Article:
Being a resident artist franchise at MSG has its advantages, and one is that team Billy sound partner Clair Brothers has load-in down to a science. To work around MSG’s giant new scoreboard, a Clair PA is matched with delay rigs set at preset hang points that are ready and waiting for the each month’s show, making it easy for the Clair Brothers team to swiftly fly the system and connect it to Lab.gruppen amps in catwalk racks.
Even if MSG is home, the show still goes on the road, playing almost every week with the same touring rig carried in New York. This summer, there are a number of baseball stadiums on the roster, including AT&T Park, home of the MLB’s San Francisco Giants, in the fall. This will be the team’s first gig at the venue, and a certain excitement comes into Ruggles' voice when he talks about learning the ins and outs of the stadium. Planning coverage patterns at these and all venues provides a captivating challenge, even for this veteran of many major tours in addition to those of Billy Joel. “It’s a little puzzle you have to figure out,” he enthused. “I like doing live sound because it’s a lot of fun and you’re living on the edge. It’s do or die, no second take. You are living with the moment, and you just have to be on your game and hope the band is on their game too. I still get this exciting energy before a show to this day. I don’t get nervous, I get excited.”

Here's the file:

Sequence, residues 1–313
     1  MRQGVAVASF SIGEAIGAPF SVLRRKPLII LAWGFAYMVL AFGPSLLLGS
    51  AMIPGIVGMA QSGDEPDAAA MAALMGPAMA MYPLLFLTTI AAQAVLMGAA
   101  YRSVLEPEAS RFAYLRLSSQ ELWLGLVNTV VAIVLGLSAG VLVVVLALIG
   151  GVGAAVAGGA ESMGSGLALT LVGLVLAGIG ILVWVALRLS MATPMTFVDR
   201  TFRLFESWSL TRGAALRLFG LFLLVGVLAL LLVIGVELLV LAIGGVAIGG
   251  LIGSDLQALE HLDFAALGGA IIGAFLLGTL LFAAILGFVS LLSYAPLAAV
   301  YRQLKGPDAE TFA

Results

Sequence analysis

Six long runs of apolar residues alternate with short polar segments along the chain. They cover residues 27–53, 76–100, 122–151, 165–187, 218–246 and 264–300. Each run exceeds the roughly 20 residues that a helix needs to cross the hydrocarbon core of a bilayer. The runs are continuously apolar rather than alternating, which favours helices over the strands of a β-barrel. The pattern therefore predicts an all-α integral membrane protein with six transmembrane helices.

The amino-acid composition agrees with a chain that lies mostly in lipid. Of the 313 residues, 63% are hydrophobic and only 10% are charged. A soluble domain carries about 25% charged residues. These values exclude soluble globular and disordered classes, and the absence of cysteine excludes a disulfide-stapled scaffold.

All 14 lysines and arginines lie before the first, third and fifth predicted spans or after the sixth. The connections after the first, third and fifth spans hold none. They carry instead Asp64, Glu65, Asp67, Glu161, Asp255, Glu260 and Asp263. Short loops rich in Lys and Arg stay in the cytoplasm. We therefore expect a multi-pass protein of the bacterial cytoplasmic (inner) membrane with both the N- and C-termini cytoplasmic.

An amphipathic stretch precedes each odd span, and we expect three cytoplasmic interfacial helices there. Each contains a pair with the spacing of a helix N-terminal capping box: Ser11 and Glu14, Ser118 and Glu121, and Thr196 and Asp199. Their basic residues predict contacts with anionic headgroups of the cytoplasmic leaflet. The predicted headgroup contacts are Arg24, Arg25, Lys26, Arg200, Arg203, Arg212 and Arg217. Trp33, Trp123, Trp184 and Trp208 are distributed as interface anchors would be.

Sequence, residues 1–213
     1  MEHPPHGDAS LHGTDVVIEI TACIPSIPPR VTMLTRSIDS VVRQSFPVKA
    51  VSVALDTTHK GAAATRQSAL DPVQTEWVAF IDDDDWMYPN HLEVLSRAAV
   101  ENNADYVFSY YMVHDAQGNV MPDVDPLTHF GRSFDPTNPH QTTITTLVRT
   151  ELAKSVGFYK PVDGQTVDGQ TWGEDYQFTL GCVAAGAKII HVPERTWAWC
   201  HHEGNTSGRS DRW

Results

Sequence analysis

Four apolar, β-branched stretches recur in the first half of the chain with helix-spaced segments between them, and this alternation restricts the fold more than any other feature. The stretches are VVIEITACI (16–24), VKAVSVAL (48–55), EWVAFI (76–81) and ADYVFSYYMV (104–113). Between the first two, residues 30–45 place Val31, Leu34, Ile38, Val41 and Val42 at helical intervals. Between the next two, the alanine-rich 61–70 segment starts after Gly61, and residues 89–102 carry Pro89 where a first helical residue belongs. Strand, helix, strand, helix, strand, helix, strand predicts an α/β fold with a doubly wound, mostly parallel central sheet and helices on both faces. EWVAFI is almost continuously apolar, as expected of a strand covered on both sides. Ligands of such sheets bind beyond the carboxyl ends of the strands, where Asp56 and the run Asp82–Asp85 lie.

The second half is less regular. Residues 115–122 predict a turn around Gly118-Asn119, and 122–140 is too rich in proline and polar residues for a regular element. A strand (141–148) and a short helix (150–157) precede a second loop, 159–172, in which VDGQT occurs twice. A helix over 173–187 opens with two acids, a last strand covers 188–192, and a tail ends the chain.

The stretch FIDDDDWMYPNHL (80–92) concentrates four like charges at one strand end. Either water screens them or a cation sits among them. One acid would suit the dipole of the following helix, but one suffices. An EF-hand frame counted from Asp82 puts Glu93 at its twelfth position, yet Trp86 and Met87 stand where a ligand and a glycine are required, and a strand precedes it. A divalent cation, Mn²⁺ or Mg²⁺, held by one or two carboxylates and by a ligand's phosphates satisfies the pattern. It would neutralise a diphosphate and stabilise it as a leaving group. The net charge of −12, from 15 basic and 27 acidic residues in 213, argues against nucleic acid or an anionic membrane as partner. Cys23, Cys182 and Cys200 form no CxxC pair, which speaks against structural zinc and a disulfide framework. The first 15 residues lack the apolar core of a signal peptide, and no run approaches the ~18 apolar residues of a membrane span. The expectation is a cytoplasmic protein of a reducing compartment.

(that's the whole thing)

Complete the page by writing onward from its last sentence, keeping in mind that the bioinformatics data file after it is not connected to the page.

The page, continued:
Ruggles jokes that he’ll keep doing live sound as long as he can stand up, and judging by his energy and FOH golf-swing practices, that’s likely to be a long time. Ruggles has also mixed live albums for Joel in the past, and he’s getting ready to work with Joel on selection of the best live recordings from this recent tour as well.